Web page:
There are many diseases and conditions that can affect the gastrointestinal system, including infections , inflammation and cancer. Various pathogens can cause gastroenteritis an inflammation of the stomach and small intestine. These can include those organisms that cause foodborne illnesses. Gastroenteritis is the most common disease of the GI tract. Diverticular disease is a condition that is very common in older people in industrialized countries.
It usually affects the large intestine but has been known to affect the small intestine as well. Diverticulosis occurs when pouches form on the intestinal wall. Once the pouches become inflamed it is known as diverticulitis. Inflammatory bowel disease is an inflammatory condition affecting the bowel walls, and includes the subtypes Crohn's disease and ulcerative colitis.
While Crohn's can affect the entire gastrointestinal tract, ulcerative colitis is limited to the large intestine. Crohn's disease is widely regarded as an autoimmune disease. Although ulcerative colitis is often treated as though it were an autoimmune disease, there is no consensus that it actually is such. Functional gastrointestinal disorders the most common of which is irritable bowel syndrome. Functional constipation and chronic functional abdominal pain are other functional disorders of the intestine that have physiological causes, but do not have identifiable structural, chemical, or infectious pathologies.
Gastrointestinal surgery can often be performed in the outpatient setting. In the United States in , operations on the digestive system accounted for 3 of the 25 most common ambulatory surgery procedures and constituted 9. Various methods of imaging the gastrointestinal tract include the upper and lower gastrointestinal series:. Animal intestines have multiple uses. From each species of livestock that is a source of milk , a corresponding rennet is obtained from the intestines of milk-fed calves.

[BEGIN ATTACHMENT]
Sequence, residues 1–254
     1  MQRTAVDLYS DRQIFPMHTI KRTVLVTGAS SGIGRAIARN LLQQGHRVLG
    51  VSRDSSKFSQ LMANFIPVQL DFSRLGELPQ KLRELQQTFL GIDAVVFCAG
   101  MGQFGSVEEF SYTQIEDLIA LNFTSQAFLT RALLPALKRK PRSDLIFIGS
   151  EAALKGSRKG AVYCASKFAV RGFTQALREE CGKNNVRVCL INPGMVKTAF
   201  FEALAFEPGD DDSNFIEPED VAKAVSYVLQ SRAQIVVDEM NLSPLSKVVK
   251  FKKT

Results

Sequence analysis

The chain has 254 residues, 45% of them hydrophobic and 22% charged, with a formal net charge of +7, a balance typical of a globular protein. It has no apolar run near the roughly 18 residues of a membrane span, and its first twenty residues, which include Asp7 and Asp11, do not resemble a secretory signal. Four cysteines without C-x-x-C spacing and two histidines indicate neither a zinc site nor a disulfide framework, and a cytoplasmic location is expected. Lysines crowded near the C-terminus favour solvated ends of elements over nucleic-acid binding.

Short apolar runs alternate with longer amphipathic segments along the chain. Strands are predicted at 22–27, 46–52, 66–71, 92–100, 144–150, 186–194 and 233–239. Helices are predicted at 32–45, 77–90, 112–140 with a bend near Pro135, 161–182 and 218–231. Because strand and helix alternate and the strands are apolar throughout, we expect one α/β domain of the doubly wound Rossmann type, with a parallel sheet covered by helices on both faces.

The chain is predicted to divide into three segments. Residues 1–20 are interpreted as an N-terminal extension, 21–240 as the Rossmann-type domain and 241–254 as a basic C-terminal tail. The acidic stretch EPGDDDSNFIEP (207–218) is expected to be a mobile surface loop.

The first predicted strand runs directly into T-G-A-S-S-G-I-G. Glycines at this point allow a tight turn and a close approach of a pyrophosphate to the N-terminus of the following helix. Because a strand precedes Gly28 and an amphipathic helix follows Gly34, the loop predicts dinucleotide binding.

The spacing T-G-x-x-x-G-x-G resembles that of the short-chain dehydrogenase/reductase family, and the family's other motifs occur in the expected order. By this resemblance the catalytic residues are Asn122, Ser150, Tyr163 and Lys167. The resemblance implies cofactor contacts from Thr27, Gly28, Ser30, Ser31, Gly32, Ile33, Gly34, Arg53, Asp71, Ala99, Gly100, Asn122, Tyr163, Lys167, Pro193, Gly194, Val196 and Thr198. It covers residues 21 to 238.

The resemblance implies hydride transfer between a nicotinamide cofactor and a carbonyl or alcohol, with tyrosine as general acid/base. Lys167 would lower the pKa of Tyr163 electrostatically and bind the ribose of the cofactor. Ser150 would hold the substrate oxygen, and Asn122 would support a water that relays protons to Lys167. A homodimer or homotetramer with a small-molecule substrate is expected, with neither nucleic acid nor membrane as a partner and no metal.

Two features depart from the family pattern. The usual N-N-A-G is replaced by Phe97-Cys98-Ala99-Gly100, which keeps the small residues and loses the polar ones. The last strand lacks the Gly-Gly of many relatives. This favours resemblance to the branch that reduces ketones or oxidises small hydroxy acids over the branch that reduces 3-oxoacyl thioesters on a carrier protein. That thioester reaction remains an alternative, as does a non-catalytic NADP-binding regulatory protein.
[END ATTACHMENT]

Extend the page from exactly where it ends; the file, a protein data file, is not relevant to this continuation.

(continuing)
Pig and calf intestines are eaten, and pig intestines are used as sausage casings. Calf intestines supply calf-intestinal alkaline phosphatase CIP , and are used to make goldbeater's skin. Many birds and other animals have a specialised stomach in the digestive tract called a gizzard used for grinding up food. Another feature not found in the human but found in a range of other animals is the crop. In birds this is found as a pouch alongside the esophagus. Other animals including amphibians , birds , reptiles , and egg-laying mammals have a major difference in their GI tract in that it ends in a cloaca and not an anus.
From Wikipedia, the free encyclopedia. Redirected from Human gastrointestinal tract. For other uses, see Guts disambiguation. The chyme arrives in the intestines having been released from the stomach through the opening of the pyloric sphincter. The resulting alkaline fluid mix neutralises the gastric acid which would damage the lining of the intestine. The mucus component lubricates the walls of the intestine.
When the digested food particles are reduced enough in size and composition, they can be absorbed by the intestinal wall and carried to the bloodstream. The first receptacle for this chyme is the duodenal bulb. From here it passes into the first of the three sections of the small intestine, the duodenum.
The next section is the jejunum and the third is the ileum. The duodenum is the first and shortest section of the small intestine. It is a hollow, jointed C-shaped tube connecting the stomach to the jejunum. It starts at the duodenal bulb and ends at the suspensory muscle of duodenum.
The attachment of the suspensory muscle to the diaphragm is thought to help the passage of food by making a wider angle at its attachment. Most food digestion takes place in the small intestine. Segmentation contractions act to mix and move the chyme more slowly in the small intestine allowing more time for absorption and these continue in the large intestine. In the duodenum, pancreatic lipase is secreted together with a co-enzyme , colipase to further digest the fat content of the chyme.
From this breakdown, smaller particles of emulsified fats called chylomicrons are produced. There are also digestive cells called enterocytes lining the intestines the majority being in the small intestine. They are unusual cells in that they have villi on their surface which in turn have innumerable microvilli on their surface. All these villi make for a greater surface area, not only for the absorption of chyme but also for its further digestion by large numbers of digestive enzymes present on the microvilli.